NAB 2016: UHD Standards Getting Clearer For Producers, If Not Consumers
The 2016 NAB Show has begun with the annual pre-show workshops. Saturday the south hall of the Las Vegas Convention Center featured a full day of Ennes Workshops presented by the Society of Broadcast Engineers (SBE). Meanwhile in the north hall, Post-Production World was going full-tilt with workshops on everything from the basics of popular post-production software to the future of cinema featuring director Ang Lee. At least one topic was common between these two polar opposites: UHD.
Stan Moote, CTO of the International Association of Broadcast Manufacturers, gave a presentation to the SBE called “The State and Pieces of UHD.” “State” speaks to the current condition of the standard and adoption. The “pieces” portion of his presentation was more interesting. As with any new technology that requires a large number of interested parties to all agree on, there are many “pieces” that are still being revised and revised again.
While Moote's presentation was geared more towards the broadcast engineering audience in the room, he brought some good insight on the pieces of UHD for digital producers and publishers considering the move into UHD production.
First, some good news: The UHD Alliance has introduced a common set of specs that each TV and OTT device must meet in order to wear the official “UHD Premium” label. The eight specs are as follows:
- 3840 x 2160 resolution
- 10-bit color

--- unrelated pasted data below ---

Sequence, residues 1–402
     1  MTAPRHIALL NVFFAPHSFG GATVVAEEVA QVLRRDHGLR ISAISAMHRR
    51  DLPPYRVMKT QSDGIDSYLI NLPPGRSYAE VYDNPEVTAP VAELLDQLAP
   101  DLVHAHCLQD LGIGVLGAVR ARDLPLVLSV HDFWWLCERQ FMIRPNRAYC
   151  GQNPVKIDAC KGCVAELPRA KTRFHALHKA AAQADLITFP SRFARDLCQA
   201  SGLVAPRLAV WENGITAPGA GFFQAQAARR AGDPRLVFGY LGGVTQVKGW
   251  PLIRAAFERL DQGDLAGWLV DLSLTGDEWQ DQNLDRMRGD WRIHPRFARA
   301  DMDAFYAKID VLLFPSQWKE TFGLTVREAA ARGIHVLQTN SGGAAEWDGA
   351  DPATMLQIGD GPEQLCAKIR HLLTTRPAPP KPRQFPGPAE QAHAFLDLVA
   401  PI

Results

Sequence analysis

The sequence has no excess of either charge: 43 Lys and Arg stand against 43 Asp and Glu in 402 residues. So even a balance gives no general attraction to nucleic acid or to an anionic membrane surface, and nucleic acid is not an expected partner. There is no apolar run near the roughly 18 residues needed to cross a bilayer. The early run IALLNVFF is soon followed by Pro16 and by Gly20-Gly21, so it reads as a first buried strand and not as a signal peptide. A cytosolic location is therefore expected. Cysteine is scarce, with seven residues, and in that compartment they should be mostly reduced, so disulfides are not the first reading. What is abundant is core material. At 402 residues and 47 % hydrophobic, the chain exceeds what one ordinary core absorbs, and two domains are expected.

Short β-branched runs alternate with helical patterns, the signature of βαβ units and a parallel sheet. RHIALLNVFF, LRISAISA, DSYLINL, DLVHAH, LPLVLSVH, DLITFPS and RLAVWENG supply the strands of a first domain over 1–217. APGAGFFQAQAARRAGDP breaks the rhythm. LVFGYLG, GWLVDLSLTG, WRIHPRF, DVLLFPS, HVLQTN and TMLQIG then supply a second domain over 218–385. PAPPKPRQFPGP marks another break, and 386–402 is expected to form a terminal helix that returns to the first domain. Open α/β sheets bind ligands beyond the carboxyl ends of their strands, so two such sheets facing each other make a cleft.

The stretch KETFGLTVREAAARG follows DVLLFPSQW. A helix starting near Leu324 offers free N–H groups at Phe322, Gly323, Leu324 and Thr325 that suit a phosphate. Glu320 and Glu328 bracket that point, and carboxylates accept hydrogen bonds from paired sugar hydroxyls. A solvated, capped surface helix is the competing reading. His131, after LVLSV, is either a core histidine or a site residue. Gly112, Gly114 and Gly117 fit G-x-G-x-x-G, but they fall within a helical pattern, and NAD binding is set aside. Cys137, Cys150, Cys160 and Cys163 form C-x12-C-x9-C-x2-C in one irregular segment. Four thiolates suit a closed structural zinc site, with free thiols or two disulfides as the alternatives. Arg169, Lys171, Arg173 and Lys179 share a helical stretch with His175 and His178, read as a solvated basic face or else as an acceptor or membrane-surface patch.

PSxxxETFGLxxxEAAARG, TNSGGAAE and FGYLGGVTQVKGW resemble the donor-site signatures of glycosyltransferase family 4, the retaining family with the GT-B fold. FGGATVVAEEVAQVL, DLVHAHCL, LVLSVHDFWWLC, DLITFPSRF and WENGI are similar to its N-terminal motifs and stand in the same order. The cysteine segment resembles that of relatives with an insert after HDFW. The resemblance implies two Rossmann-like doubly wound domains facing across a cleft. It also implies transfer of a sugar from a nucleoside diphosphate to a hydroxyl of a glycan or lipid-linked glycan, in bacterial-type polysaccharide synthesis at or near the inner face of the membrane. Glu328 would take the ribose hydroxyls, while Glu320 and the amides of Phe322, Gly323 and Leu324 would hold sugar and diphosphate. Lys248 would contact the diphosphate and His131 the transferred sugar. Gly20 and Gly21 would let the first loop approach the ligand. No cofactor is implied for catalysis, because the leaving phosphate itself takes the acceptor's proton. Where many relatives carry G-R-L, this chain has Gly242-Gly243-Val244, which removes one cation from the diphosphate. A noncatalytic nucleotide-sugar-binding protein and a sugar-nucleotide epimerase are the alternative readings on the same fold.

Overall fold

- Color palette (wide color gamut)
- Signal input: BT.2020 color representation
- Display reproduction: more than 90% of P3 colors
- SMPTE ST2084 EOTF (Electro Optical Transfer Function)
- Combination of peak brightness and black levels: more than 1000 nits peak brightness and less than 0.05 nits black level OR more than 540 nits peak brightness and less than 0.0005 nits black level
First announced at CES in January 2016, these standards will first be supported primarily by the big Hollywood studios on their 4K Blu-ray releases and through OTT providers Amazon, Netflix, M-GO, and Vudu. In another Post-Production World session on UHD, Rob Carroll, Senior Director of Content Solutions with Dolby, listed Amazon, Netflix and Vudu as the earliest adopters of Dolby Vision, their own proprietary version of HDR. See Jan Ozer’s July 2015 article on HDR for a more detailed explanation of the state of the tech.
Now for some bad news, UHD seems to be gearing up to provide even more confusion to consumers than previous technological leaps like 3D and HD. First, there are still seven or eight different "versions" of HDR. Dolby Vision is being supported by several manufacturers already, but there’s also a hybrid system developed by Technicolor and Philips. The light at the end of the tunnel for this is that having all of these different versions of HDR doesn’t automatically mean they’re incompatible. In fact, it seems that many manufacturers are already making their devices to support several HDR standards.
Another downside to the current state of UHD is the amount of ultra-technical jargon being thrown out to consumers. The TV industry, specifically, has a history of overwhelming buyers with nonsense jargon as a sales tool. Remember the hype about 120hz refresh rates? Now with UHD, consumers will have to understand HDMI 1.4 versus HDMI 2.0. For crying out loud, Amazon even includes an explanation of HEVC in their consumer resource guide to UHD.
As we continue the slow, inevitable move towards UHD, remember that UHD includes 4k (digital cinema standard), 4K (television standard) and 8K, just to mention a few of the resolutions. Plus, just because a video has more pixels, it doesn’t necessarily have better pixels. The best part of UHD likely will be the use and implementation of HDR and the increased requirement of brightness and black levels. So buckle up and hold on, because whether consumers understand it or not, the industry will have to be ready to deliver.
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